where u is a vector containing commanded torques for both pneumatic actuators and the reaction wheel, and f (.) is a function concatenating Eqs. 4 to 10 considering the aforementioned simplifications. The EKF has been implemented using the continuous-discrete approach. As a result, state estimate propagation method has been accomplished by integrating the model dynamics between measurement samples using xˆ k −1|k −1 as the initial condition, as in Eq. 16:

xˆ k | k −1 = xˆ k −1| k −1 +

∫

tk

f (x, u)dt

(16)

t k −1

The error estimation covariance is propagated as in Eq. 17 using Pk −1|k −1 as the initial condition:

Pk | k −1 = Pk −1| k −1 +

∫

tk

t k −1

(J f (x, u)P (t ) + P(t )J f (x, u)T + Q(t ))dt

(17)

where J f (x, u) is the Jacobian matrix of the function f (.) at the point (x, u) , and Q is the model noise covariance matrix. Both integrations have used the Runge-Kutta 4th-order algorithm. The update has been based on linearizing the measurement equation as in Eq. 18:

y k ≈ J h (xˆ k |k −1 ).(x − xˆ k|k −1 ) + h(xˆ k|k −1 ) = J h (xˆ k|k −1 ).x − J h (xˆ k|k −1 ).xˆ k|k −1 + h(xˆ k|k −1 )

(18)

Therefore, the Kalman update step can be summarized as in Eqs. 19:

xˆ k |k = xˆ k |k −1 + K k ( y k − h( xˆ k |k −1 )) K k = Pk |k −1 J h (xˆ k |k −1 ).(J h (xˆ k |k −1 )Pk |k −1 J h (xˆ k |k −1 ) T + R k ) −1

(19)

Pk |k = (I − K k J h (xˆ k |k −1 )).Pk |k −1 5.2. Unscented Kalman Filter (UKF) The UKF uses the unscented transform to achieve a better estimation than the EKF if the process is highly nonlinear. The unscented transform calculates a set of σ-points that are propagated using the nonlinear model and measurement equations to estimate the mean and covariance of the stochastic state vector (Ristic et. al, 2004). Unlike the EKF, it does not need computation of Jacobians. Nevertheless, the computing of σ-points requires a great amount of computational effort, which makes this method slower than the first in almost every practical situation. The UKF has been also used along the continuous-discrete approach (Särkkä, 2007). So, the state propagation uses the unscented integration with xˆ k −1|k −1 as the initial condition, as in Eqs. 20: tk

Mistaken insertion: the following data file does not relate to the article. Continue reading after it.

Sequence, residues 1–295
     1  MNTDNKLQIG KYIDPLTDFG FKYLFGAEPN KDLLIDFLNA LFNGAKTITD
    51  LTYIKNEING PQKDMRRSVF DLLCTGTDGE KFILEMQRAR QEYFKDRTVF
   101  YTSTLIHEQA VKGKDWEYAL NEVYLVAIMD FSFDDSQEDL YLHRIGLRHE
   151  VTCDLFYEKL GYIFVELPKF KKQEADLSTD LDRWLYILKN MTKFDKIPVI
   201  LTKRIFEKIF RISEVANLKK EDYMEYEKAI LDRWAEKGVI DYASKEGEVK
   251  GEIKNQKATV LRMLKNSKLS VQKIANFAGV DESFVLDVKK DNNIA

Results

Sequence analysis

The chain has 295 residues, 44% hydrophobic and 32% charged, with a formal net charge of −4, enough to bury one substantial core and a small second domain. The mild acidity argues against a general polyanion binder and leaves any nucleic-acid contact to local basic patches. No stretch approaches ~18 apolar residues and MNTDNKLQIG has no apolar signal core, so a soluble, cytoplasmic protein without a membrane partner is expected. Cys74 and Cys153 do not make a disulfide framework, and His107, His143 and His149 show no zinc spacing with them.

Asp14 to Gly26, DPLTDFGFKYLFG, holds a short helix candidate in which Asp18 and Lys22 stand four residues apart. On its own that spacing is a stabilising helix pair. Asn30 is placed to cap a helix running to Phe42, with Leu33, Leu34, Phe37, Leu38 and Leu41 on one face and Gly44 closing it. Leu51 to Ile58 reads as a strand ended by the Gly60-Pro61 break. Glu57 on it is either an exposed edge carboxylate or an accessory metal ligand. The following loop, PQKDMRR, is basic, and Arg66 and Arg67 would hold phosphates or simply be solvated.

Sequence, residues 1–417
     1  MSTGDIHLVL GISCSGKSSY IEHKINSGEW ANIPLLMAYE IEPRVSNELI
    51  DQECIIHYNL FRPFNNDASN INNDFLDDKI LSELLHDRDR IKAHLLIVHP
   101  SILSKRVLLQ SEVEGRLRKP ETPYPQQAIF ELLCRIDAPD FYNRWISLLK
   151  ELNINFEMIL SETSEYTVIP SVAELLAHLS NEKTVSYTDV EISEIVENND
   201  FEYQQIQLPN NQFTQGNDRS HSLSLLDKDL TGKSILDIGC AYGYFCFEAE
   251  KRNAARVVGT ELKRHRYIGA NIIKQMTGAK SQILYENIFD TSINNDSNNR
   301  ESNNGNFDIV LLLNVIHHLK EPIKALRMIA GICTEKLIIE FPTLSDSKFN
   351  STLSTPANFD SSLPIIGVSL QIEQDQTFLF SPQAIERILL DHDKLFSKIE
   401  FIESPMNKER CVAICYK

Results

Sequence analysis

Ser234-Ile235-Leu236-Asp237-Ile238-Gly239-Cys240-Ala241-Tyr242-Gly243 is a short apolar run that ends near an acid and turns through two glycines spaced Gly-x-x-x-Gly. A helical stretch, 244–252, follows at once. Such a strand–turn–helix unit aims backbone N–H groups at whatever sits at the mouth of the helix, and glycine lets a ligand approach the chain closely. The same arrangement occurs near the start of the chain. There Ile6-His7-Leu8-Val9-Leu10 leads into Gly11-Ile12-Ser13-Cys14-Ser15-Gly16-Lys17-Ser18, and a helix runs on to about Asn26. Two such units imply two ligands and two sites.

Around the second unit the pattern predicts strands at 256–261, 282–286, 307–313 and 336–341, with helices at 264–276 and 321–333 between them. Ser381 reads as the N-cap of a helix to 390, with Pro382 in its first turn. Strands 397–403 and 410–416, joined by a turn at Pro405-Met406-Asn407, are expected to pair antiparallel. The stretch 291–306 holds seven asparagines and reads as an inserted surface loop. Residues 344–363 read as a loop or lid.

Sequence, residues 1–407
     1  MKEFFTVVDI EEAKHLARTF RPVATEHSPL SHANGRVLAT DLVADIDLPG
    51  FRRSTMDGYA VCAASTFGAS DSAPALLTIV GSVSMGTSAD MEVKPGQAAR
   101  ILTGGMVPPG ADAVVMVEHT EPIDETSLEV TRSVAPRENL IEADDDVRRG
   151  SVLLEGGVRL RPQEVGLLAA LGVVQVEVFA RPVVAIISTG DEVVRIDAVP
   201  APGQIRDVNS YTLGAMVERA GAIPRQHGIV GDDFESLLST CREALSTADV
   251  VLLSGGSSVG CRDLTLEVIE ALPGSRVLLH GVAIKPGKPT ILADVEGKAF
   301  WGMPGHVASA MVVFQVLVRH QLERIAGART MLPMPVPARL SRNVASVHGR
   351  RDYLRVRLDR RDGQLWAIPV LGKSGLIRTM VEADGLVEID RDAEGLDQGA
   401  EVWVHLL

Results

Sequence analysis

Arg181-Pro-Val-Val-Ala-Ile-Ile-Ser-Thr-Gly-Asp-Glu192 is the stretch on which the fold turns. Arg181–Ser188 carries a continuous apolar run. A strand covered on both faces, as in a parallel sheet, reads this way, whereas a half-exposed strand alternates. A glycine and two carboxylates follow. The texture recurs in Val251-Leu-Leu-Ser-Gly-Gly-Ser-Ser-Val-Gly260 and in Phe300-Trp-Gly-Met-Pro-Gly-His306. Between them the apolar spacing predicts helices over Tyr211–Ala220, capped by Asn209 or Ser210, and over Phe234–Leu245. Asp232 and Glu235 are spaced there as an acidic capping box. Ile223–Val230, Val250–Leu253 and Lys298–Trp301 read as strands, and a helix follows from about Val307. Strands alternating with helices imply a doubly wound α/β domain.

xˆ k|k −1 = xˆ k −1|k −1 +

[ γ (t ) = [f (σ (t ), u)

∫ γ(t ).W dt m

tk −1

]

[

σ (t ) = σ1 (t ) σ 2 (t ) ... σ 2.na +1 (t ) = [x(t ) x(t ) ... x(t )] + na + κ . 0 na x1 M

[

1

Wm = W1m W2m

f (σ 2 (t ), u) ... f (σ 2.na +1 (t ), u) ... W2m.na +1

]

T

W1m =

]

κ na + κ

Wi m =

P (t ) M − P(t )

1 → 1 < i ≤ 2na + 1 2.(na + κ )

]

(20)

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where na is the number of states, κ is a tuning factor in which 3 is optimal for Gaussian noise, and P(t ) is the square root matrix of P (t ) computed as the lower triangular matrix in the Cholesky factorization. The covariance propagation is as in Eqs. 21, where Pk −1|k −1 is the initial condition (Särkkä, 2007): tk

∫

Pk|k −1 = Pk −1|k −1 +

(Ω(t ) + Ω(t )T + Q(t ))dt

Ω(t ) =

2.na +1

∑W

i

m

.(σ i (t ) − x(t )).(γ i (t ) − γ (t ).Wm )T

(21)

i =1

t k −1

The above integration uses the Runge-Kutta 4th-order algorithm, whereas the UKF update is given in Eqs. 22 (Ristic et. al, 2004):

[

]

σ k |k −1 = σ k | k −1,1 σ k |k −1,2 ... σ k | k −1, 2.n a +1 =

[

]

[

= xˆ k | k −1 xˆ k | k −1 ... xˆ k | k −1 + na + κ . 0 n a x1 M

[

γ k = h (σ k | k −1,1 ) h (σ k | k −1,2 ) ... h(σ k | k −1, 2.n a +1 ) yˆ k =

2.n a +1

∑W

m

i

i =1 2.n a +1

Pzz , k =

Pxz , k =

.γ k ,i

2.n a +1

∑W

m

i

]

Pk | k −1 M − Pk | k −1

]

.(σ k −1,i − xˆ k | k −1 ).(γ k , i − yˆ k |k −1 )T

(22)

i =1

∑W

m

i

.( γ k ,i − yˆ k | k −1 ).(γ k ,i − yˆ k | k −1 )T

S k = R k + Pzz , k

K k = Pxz , k S k−1

i =1

xˆ k | k = xˆ k | k −1 + K k (y k − yˆ k )

Pk | k = Pk | k −1 − K k S k K Tk

6. SIMULATIONS 6.1. Parameters The simulations have been carried out using table parameters from Carrara and Milani (2007), and XSens MTiG IMU specification sheet. Table 1 shows the used values. Ground-truth inertia matrices of the table and reaction wheel have included inertia products to account for a residual assembly mass unbalance. Equation 23 shows the measurement noise covariance matrix used in both filters: 2 2 2 2 R = diag (σ accel . / 9,81 σ accel . / 9,81 4.σ mag / 500 σ tac )

(23)

where diag (.) means a diagonal matrix. The model noise covariance needed to be separately tuned for each filter to avoid divergence during the simulation. The selected values for the EKF and UKF is in Eq. 24:

Q ext = 0,5.I 8 x8

Q usc = 0,45.I 8 x8

(24)

6.2. Filter performance Two metrics have been defined to gauge filter performance. The first computes the rotation angle about the Euler axis that is related to the attitude estimation error at each iteration as in Eq. 25. It has been used to ascertain the attitude estimation accuracy of each filter. The second computes the norm of the angular rate vector estimation error at each iteration as in Eq. 26.